34 user 22 critic

The Fugitive (1947)

Approved | | Drama, History | 3 November 1947 (USA)
Anti--Catholic and anti-cleric policies in the Mexican state of Tabasco lead the revolutionary government to persecute the state's last remaining priest.


, (uncredited)


(screenplay), (novel)

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1 win & 2 nominations. See more awards »



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Complete credited cast:
An Indian Woman (as Dolores Del Rio)
A Lieutenant of Police (as Pedro Armendariz)
A Police Informer
A Chief of Police
El Gringo
A Sergeant of Police
A Refugee Doctor
The Governor's Cousin
Chris-Pin Martin ...
An Organ-Grinder (as Cris-Pin Martin)
Miguel Inclán ...
A Hostage (as Miguel Inclan)
Fernando Fernández ...
A Singer (as Fernando Fernandez)


Based of the Graham Greene novel about a revolutionary priest in Central America. A priest who is The Fugitive is trying to getaway from the authorities who have denounced Christianity and want anyone linked to it dead. The Fugitive finds shelter with an Indian Woman (The Woman), a faithful parishioner, who gives the priest directions to Puerto Grande, where he could then board a ship and sail to freedom in America. On his journey to Puerto Grande, he meets up with a man who says he will protect him. In reality, he is the Police Informer and once The Fugitive realizes this, he is back on the run, but the Police Informer is never far behind along with the authorities. Written by Kelly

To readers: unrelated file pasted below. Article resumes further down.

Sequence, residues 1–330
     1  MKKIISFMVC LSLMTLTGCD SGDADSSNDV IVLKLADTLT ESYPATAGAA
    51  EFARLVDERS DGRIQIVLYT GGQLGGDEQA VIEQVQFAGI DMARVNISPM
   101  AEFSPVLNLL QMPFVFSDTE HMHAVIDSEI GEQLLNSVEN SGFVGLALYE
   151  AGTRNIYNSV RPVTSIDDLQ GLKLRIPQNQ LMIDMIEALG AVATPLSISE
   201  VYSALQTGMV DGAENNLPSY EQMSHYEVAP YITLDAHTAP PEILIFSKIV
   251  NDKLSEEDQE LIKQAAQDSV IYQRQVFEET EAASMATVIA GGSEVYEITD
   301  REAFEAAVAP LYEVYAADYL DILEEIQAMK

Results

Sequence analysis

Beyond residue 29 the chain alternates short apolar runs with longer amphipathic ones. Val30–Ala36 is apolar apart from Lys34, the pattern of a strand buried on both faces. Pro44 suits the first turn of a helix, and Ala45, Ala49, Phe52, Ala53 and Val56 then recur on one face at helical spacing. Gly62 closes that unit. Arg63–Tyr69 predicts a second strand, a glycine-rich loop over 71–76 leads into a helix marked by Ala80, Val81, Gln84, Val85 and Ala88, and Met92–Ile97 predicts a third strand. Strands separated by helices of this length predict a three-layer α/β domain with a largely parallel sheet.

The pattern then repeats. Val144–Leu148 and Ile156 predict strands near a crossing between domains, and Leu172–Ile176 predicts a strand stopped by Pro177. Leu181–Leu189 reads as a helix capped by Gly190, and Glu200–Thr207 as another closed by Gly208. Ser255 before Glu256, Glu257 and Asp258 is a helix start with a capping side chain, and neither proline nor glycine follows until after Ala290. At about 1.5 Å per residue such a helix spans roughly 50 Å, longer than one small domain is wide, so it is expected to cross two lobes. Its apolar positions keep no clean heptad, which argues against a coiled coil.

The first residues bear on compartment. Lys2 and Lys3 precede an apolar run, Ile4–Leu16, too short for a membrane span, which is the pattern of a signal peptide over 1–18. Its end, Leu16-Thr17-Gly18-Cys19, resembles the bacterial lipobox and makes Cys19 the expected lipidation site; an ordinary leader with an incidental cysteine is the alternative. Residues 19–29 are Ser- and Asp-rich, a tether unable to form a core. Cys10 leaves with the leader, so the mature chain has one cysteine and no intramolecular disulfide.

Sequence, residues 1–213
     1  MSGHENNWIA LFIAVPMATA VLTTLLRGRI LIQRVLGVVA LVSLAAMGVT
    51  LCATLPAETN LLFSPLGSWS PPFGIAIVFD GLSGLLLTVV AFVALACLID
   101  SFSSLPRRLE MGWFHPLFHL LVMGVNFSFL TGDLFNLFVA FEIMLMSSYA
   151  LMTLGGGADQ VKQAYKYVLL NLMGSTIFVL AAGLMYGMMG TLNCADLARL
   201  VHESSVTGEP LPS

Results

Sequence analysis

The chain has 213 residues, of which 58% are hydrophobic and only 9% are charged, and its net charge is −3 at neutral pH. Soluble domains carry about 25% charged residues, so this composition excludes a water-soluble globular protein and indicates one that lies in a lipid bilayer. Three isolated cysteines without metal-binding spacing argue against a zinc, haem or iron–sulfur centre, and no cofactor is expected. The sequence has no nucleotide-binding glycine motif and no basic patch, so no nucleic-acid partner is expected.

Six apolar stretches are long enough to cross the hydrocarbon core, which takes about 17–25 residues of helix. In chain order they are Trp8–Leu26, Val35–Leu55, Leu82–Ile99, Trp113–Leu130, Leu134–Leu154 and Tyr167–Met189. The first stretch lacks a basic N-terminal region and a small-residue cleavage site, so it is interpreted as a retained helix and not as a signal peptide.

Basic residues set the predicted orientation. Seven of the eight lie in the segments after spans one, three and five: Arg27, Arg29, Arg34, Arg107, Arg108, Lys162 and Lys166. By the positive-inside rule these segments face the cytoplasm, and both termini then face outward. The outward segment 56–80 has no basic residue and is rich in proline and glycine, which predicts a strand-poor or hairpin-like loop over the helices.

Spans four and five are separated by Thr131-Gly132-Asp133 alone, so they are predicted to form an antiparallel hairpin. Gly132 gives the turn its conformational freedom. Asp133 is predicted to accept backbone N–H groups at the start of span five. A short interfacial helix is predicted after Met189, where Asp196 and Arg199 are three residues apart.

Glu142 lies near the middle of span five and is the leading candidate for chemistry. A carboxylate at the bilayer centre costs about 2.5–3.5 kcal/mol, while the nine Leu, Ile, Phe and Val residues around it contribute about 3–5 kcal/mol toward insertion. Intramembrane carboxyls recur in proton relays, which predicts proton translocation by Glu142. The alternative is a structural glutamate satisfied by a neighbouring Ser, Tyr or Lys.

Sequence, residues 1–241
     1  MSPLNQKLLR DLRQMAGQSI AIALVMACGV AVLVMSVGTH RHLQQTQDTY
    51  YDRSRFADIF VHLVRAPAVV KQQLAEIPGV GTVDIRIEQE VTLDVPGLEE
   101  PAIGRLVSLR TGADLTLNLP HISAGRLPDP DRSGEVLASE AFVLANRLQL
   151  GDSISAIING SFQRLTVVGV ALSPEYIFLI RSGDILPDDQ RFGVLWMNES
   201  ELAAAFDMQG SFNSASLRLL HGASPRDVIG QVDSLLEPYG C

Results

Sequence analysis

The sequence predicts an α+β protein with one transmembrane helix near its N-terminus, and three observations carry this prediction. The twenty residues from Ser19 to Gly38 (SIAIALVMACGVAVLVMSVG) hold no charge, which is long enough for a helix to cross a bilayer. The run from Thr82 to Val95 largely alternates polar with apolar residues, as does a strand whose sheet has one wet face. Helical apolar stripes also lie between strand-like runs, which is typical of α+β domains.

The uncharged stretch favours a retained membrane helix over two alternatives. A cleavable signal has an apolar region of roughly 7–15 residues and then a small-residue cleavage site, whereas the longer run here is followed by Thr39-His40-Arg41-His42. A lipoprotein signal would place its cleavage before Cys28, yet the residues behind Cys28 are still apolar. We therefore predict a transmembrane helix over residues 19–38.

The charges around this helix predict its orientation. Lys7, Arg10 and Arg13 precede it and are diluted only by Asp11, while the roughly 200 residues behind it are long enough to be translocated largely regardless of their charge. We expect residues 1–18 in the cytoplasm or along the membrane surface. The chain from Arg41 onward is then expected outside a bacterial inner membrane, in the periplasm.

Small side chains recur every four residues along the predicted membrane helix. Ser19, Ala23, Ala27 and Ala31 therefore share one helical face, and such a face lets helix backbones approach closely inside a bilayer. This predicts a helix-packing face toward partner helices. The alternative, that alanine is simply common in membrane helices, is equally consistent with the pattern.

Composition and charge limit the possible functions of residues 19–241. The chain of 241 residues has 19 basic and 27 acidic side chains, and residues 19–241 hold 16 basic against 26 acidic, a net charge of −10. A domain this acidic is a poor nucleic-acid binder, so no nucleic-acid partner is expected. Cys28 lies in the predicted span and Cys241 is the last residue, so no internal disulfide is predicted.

Plot Summary | Add Synopsis


Drama | History


Approved | See all certifications »





Release Date:

3 November 1947 (USA)  »

Also Known As:

El fugitivo  »

Filming Locations:

Company Credits

Show detailed on  »

Technical Specs


Sound Mix:

(RCA Sound System)

Aspect Ratio:

1.37 : 1
See  »

Did You Know?


The opening narration is by Ward Bond, who also plays an important role in the film. See more »


A Fugitive: I have a question, Lieutenant. When did you lose your faith?
A Lieutenant of Police: When I found a better one.
See more »


Referenced in Columbo: How to Dial a Murder (1978) See more »


Bury Me Not on the Lone Prairie
("The Dying Cowboy") (uncredited)
American folk ballad based on an older sea song (1932)
Variation heard as theme for the Gringo (Ward Bond)
See more »

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User Reviews

Ford's guilty pleasure
11 June 2003 | by (United States) – See all my reviews

There are essentially two ways in which to view this movie.